West Berkshire reaps benefit of restorative justice
Sep 12, 2012
New figures released by West Berkshire's Youth Offending Team show a dramatic drop in the number of young people entering the youth justice system for the first time.
A fall of 48.7% is shown between January and December 2011 (compared with same period for 2010). The decline for the rest of England averages 19.3%. The team is a multi-agency partnership between Thames Valley Police, National Probation service, the Berkshire Health Care Foundation Trust and West Berkshire Council.
The Team attributes two major factors to this impressive figure. Firstly, in 2001 the partnership established an Early Intervention Team to work with young people between the ages of 8 and 15 years focussing on preventing them offending in the first place, or to intervene at an early stage to halt further offending. This supported other services developed across the West Berkshire area to support vulnerable children, which have made them less likely to offend.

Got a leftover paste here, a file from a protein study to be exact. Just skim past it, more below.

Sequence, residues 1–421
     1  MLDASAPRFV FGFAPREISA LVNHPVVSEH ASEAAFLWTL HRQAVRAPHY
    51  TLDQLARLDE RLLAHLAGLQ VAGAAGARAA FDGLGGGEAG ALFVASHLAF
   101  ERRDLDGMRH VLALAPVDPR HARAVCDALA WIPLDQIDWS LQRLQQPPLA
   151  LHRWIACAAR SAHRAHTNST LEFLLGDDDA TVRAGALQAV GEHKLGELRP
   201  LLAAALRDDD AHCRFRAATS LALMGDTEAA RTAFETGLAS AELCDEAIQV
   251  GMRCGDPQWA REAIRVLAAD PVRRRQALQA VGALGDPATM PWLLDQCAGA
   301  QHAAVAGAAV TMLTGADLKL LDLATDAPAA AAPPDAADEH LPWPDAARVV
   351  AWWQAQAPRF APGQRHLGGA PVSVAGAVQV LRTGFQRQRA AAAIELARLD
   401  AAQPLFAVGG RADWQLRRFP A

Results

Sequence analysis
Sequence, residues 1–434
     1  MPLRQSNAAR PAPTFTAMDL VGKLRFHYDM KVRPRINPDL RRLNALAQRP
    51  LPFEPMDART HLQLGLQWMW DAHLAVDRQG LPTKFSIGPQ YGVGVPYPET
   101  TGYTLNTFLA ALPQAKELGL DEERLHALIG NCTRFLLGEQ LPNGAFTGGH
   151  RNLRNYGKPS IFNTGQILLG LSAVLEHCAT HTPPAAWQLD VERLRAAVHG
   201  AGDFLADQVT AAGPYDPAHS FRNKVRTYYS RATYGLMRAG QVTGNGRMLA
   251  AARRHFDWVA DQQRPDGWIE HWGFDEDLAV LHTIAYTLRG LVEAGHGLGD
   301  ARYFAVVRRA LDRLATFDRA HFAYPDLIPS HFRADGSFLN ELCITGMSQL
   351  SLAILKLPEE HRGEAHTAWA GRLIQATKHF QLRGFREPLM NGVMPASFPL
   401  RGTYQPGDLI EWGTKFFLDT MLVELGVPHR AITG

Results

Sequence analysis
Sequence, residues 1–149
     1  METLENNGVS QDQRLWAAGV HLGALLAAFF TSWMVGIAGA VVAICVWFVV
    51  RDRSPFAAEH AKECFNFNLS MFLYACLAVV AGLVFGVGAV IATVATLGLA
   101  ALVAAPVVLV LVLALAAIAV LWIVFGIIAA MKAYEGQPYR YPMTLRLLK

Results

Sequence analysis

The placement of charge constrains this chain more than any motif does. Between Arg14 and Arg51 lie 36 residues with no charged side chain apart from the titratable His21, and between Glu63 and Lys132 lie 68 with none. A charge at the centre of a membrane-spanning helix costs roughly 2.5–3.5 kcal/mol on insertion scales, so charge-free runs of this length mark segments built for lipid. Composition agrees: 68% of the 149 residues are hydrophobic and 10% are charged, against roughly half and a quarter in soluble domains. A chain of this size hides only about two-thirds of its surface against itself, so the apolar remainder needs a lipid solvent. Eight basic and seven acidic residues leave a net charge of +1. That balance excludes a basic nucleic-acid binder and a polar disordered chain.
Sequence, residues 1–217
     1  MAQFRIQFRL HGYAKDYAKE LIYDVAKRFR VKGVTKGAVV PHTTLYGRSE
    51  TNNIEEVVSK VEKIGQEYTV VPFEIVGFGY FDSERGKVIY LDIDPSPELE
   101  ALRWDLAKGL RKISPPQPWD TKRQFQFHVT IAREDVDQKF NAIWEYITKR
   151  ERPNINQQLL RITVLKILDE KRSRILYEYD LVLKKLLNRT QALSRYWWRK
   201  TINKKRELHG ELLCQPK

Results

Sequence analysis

The second development is the introduction by Thames Valley Police of the Youth Restorative Disposal (YRD) in 2009 following a successful national pilot.
YRD's were introduced to be a quick and effective means for dealing with low-level offending, offering an alternative to arrest and formal criminal proceedings.
Restorative Justice is a key element of this informal disposal and has been proven to reduce re-offending and increase victim satisfaction. It requires the young person to take responsibility for the crime they have committed and make amends direct to the victim so they get a real insight into the impact of their behaviour. It also gives the victim a chance to have their say, to get answers to their questions and receive an apology.
Irene Neill, West Berkshire's Executive Councillor for the Youth service said: "Restorative Justice provides this a real benefit for all concerned. It gives young people a clearer understanding of the effect that crime has upon the community, and will hopefully have a positive impact on how they behave in the future."